I have heard it said many times that scientists are honorable people, working with actual data which is incontrovertible, and can be reproduced. This is what proves a hypothesis to be (dare I say this?) real fact and not simply a theory!
The sun rises in the Eastern sky each morning and sets in the Western sky each night. It is a reproducible (visual) fact; therefore it is not a hypothesis. You and I, so long as we have eye sight can see this daily event for ourselves.
Some things require a more detailed set of figures and analysis to present a theory, and turn that into reproducible fact – making them incontrovertible.
So what do you do when you discover that an American scientist who studied the influence of diet on health, particularly the way certain fats affected the human body – lied. Not only did he Cherry Pick his data, that data was used as the basis for all the modern day anti cholesterol – saturated fat is bad for you nonsense that is plaguing humankind.
Uffe Ravnskov has written: (It was published in Nutr Health 2010, part 2, p 109-119)
There is little evidence from epidemiological studies that high intakes of saturated fat leads to cardiovascular disease. Ancel Keys introduced the idea that dietary fat plays a pathogenic role in heart disease. His main argument was a strong, curvilinear correlation between heart mortality and the total amount of fat available for consumption in six countries . However, Keys had selected his data. At that time figures for fat consumption and heart mortality were obtainable from 22 countries and if all of them were included the association became trivial , and an analysis based on the totality of more recent data that included 35 countries found an inverse association .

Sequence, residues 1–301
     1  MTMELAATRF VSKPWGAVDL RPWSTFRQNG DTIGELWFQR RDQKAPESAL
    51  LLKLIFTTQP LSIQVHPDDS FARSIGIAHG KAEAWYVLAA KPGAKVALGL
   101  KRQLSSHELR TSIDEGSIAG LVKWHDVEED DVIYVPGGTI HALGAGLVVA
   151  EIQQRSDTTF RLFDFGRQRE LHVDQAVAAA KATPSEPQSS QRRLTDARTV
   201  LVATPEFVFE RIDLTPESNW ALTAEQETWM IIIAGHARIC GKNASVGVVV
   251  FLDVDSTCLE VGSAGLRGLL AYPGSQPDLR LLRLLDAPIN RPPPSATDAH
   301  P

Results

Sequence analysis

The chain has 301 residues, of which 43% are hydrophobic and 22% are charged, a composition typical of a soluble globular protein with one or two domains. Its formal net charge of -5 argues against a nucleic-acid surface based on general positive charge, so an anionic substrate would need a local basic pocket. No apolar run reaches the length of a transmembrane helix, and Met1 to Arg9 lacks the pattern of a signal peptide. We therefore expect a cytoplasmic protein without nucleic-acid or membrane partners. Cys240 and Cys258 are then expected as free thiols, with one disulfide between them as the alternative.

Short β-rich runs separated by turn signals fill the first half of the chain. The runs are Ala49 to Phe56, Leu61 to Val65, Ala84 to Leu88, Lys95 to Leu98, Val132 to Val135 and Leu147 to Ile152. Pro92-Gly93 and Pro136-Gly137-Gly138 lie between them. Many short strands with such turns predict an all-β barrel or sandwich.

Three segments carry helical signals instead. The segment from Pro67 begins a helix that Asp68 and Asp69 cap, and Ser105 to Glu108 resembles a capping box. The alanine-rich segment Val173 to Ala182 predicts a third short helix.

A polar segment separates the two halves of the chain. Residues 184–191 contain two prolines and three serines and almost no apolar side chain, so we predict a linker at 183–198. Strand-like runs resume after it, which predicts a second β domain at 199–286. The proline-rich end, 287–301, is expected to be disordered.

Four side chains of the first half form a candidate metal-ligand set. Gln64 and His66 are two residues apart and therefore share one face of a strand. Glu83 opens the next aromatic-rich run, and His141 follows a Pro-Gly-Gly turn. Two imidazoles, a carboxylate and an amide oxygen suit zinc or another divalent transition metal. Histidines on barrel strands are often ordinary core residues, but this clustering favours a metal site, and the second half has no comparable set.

So Keys originally studied data from 22 different countries, and because he was working towards a theory that saturated fat and cholesterol could be the cause of coronary heart disease, it seems he cherry picked his data to prove his hypothesis. Naughty Boy!!
I still see dieticians in the press media and television warning against the dangers of saturated fat. You have to wonder how long it’s going to take until this myth finally dies completely.
The most notorious example of research gone wrong in the field of nutrition has to be that of Ancel Keys and his “Seven Countries” studies. I’ve mentioned Keys’ groundbreaking work on starvation in the past: “The Minnesota Starvation Experiment”, which resulted in the two-volume Biology of Human Starvation. Perhaps it was those impressive credentials that bought him so much trust and good will in the scientific community. As history would come to prove, even a brilliant mind like Keys’s is susceptible to bias and error.
The birth of the fat fallacy goes back to the 1960’s, when Keys started promoting a low fat diet to lower cholesterol levels. At that time he was in the process of finishing up the first study on cholesterol and heart disease. At this point he had convinced himself that there was a connection between fat intake, cholesterol and heart disease. He changed his stance slightly in the early 1970s , when he discovered that death in heart disease was best predicted by the intake of saturated fat specifically.